A quotation appropriate for this final day of the Octave of Christmas1:
But, we think, in an age when we know how infinitely different things are, how unimportant the earth is in the vast universe and consequently how unimportant that little speck of dust, man, is in comparison with the dimensions of the cosmos—in an age like this it seems an absurd idea that this supreme being should concern himself with man, his pitiful little world, his cares, his sins and his non-sins. But although we may think that in this way we are speaking truly appropriately about God, in reality we are in fact thinking of him in a very petty and only too human way, as if his retention of a general view involved making a choice. We thereby imagine him as a consciousness like ours, which has limits, must somewhere or other call a halt, and can never embrace the whole.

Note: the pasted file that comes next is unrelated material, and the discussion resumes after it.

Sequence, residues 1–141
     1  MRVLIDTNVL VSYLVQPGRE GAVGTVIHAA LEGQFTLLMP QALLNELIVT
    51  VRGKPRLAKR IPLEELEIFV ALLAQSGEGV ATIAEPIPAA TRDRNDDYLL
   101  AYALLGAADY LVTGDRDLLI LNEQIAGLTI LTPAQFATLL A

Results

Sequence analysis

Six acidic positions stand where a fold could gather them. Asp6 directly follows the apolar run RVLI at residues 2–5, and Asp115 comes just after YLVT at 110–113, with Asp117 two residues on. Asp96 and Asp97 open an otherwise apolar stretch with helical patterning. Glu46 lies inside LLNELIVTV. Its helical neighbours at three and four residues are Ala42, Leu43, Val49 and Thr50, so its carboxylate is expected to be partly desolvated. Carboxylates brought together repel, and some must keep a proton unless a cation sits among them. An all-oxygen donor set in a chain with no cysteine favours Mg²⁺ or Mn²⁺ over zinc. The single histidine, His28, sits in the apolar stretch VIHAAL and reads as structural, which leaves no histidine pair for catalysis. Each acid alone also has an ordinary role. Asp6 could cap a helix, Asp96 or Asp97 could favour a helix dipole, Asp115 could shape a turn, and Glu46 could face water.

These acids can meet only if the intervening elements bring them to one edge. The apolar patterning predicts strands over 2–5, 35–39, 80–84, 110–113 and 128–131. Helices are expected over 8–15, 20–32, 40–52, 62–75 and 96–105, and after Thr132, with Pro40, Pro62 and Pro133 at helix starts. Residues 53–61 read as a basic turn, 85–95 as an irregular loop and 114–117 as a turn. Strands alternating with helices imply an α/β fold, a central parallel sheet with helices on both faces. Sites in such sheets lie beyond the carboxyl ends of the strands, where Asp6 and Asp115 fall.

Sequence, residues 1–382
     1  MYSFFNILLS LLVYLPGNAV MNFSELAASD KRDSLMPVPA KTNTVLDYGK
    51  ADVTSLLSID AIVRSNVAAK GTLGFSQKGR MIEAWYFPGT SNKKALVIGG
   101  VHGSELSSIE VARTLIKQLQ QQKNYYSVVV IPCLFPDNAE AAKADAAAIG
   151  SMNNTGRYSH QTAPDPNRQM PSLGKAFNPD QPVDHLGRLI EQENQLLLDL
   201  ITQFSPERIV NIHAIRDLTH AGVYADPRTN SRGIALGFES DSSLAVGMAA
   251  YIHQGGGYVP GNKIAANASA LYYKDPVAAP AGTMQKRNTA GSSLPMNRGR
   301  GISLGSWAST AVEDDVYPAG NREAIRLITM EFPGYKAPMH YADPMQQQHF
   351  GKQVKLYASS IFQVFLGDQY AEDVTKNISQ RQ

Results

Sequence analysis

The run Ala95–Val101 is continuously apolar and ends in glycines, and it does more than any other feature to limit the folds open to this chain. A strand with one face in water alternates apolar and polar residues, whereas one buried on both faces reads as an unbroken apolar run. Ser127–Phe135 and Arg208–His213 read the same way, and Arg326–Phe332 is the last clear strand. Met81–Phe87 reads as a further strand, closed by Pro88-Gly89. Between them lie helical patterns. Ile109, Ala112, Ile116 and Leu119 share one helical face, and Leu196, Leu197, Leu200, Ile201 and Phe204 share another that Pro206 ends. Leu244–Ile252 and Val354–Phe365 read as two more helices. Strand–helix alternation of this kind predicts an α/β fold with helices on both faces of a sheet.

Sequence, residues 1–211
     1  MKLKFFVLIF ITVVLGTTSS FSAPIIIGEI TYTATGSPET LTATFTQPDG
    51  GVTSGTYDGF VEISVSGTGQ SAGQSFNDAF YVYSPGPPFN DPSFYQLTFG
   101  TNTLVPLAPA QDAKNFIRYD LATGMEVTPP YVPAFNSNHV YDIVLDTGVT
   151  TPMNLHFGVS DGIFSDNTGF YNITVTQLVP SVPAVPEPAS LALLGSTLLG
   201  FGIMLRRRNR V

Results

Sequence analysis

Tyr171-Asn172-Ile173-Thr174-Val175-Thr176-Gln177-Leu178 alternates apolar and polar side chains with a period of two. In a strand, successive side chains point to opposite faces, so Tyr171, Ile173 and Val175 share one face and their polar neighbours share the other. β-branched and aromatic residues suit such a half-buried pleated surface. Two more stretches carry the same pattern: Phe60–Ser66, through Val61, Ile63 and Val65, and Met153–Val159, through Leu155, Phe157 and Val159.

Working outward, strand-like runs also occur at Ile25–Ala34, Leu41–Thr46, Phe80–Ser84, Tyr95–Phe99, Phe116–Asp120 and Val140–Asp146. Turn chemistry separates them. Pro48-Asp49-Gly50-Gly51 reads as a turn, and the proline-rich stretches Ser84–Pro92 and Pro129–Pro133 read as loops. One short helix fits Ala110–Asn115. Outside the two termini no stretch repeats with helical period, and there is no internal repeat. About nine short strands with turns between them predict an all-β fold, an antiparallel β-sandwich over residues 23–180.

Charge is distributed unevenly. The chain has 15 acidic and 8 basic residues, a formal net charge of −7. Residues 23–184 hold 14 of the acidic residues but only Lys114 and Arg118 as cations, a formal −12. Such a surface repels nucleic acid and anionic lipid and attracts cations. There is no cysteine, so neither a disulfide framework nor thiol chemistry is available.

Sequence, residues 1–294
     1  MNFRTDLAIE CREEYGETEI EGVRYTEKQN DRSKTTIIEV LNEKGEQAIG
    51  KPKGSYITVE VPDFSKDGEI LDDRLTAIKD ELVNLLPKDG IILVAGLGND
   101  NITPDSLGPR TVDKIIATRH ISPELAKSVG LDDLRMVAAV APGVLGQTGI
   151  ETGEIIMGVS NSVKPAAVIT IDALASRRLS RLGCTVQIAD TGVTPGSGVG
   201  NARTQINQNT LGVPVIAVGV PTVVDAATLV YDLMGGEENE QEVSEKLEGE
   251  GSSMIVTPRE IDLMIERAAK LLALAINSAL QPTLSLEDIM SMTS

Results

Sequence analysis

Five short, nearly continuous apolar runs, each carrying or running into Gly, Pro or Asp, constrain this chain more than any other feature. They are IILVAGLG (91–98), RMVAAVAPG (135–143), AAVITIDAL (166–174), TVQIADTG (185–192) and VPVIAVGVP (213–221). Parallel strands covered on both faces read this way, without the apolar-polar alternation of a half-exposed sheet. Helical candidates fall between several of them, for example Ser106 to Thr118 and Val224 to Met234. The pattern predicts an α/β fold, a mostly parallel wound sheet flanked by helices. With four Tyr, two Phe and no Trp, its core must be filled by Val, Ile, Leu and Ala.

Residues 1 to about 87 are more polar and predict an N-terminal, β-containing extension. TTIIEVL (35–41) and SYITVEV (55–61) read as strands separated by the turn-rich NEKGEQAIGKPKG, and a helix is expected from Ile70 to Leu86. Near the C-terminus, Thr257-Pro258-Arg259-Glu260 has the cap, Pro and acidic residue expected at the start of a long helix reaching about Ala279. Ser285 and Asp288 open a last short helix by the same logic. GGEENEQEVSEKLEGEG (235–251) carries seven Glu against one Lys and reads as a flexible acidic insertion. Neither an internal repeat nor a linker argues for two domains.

In contrast to such limited notions the aphorism with which Hölderlin prefaced his "Hyperion" will serve to recall the Christian image of the true greatness of God: "Non coerceri maximo, contineri tamen a minimo, divinum est" ("Not to be encompassed by the greatest, but to let oneself be encompassed by the smallest—that is divine"). The boundless spirit who bears in himself the totality of Being reaches beyond the "greatest", so that to him it is small, and he reaches into the smallest, because to him nothing is too small. Precisely this overstepping of the greatest and teaching down into the smallest is the true nature of absolute spirit. At the same time we see here a reversal in value of maximum and minimum, greatest and smallest, that is typical of the Christian understanding of reality. To him who as spirit bears up and encompasses the universe, a spirit, a man's heart with it ability to love, is greater than all the milky ways of the universe. Quantitative criteria become irrelevant; other scales become visible, reckoned by which the infinitely small is the truly embracing and truly great.
The Immortal became mortal, the Almighty became powerless, the Boundless bounded himself.
1. Of course the twelve days of Christmas don't end until the 6th.
Joseph Ratzinger, trans. J.R. Foster, Introduction to Christianity (New York: Herder and Herder, 1970), 101-2.